Ensuring food security in countries experiencing protracted crises is one of the greatest challenges the international community is currently facing. This underpins the CFS launching a two-year consultative process to develop an Agenda for Action to address food insecurity in protracted crises, of which this online discussion is a part.
This e-discussion explored efforts to ensure food security, sovereignty and nutritional needs through human rights-based approaches in protracted crises. It sought to identify suggestions for the Agenda for Action for Addressing Food Insecurity in Protracted Crises, to be considered by the CFS in 2014.
The Committee on World Food Security (CFS) launched a two-year consultative process to develop an Agenda for Action to address food insecurity in protracted crises. This e-discussion is one of a series exploring critical topics on how we can improve food security in protracted crisis situations.
Let’s hear your voice on how to build resilience in protracted crises - this is your opportunity to tell us about actions, principles, recommendations and good practices.
Protracted crises are neither a series of one-off short-lived phenomena, and nor are they temporary interruptions from which countries easily return to a path towards longer-term development. Rather they represent ongoing and fundamental threats to both lives and livelihoods, from which recovery may become progressively more difficult over time.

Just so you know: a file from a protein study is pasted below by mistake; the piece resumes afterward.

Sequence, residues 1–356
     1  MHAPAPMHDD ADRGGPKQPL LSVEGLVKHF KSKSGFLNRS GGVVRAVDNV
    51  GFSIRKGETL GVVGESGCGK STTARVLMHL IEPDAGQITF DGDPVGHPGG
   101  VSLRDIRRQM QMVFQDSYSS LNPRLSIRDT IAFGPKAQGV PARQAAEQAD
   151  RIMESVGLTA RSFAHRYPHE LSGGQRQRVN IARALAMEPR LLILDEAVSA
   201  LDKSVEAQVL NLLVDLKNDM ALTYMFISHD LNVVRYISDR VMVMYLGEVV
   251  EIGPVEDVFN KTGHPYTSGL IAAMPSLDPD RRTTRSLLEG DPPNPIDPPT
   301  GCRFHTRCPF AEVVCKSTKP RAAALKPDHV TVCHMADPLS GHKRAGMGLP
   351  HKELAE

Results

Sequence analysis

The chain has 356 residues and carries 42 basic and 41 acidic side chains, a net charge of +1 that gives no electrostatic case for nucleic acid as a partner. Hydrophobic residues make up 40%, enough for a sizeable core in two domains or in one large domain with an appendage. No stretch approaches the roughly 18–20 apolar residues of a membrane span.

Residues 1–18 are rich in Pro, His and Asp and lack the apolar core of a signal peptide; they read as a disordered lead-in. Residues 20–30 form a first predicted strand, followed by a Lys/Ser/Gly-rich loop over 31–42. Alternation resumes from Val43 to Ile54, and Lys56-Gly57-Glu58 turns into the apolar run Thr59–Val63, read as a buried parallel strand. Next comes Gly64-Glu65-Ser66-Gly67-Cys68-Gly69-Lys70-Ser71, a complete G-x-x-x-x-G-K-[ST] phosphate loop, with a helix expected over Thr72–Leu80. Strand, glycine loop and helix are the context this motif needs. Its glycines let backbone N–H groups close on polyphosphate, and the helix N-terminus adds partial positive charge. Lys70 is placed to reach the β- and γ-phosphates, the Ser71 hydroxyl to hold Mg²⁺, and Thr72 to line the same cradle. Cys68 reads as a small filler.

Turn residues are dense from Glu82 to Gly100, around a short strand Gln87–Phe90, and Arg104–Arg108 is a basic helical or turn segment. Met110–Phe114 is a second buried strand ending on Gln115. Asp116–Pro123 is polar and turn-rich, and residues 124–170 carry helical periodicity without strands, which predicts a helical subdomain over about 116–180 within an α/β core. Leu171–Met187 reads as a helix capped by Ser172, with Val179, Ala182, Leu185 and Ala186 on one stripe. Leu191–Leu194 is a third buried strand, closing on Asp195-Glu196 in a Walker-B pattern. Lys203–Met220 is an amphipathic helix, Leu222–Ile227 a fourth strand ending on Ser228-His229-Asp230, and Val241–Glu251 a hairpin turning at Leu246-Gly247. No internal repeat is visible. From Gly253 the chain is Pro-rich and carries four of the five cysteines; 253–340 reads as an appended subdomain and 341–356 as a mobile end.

A number of limitations and constraints to engaging effectively in protracted crises can be identified, including conceptual, institutional and programmatic barriers. Does this include limitations due to funding streams?
Flexible, multi-year, sophisticated responses are required, yet funding for such programmes is rarely available. Constraints no doubt include donors’ lack of long-term commitment, but also a rigid development/humanitarian approach that doesn’t fit the reality, or an unwillingness to take risks.
In December 2010, following the publication of FAO’s State of Food Insecurity Report (SOFI) 2010, the FSN Forum hosted a discussion on “From repeated crisis to long-term food security”, which examined the barriers to effective programming in protracted crises.
Though covering a broader subject, this previous discussion provides some useful background and context to the present discussion on funding mechanisms and protracted crises, in which a multitude of possible causes for this failure were identified and discussed in detail by participants from over 40 countries, evenly spread among Africa, America, Asia and Europe.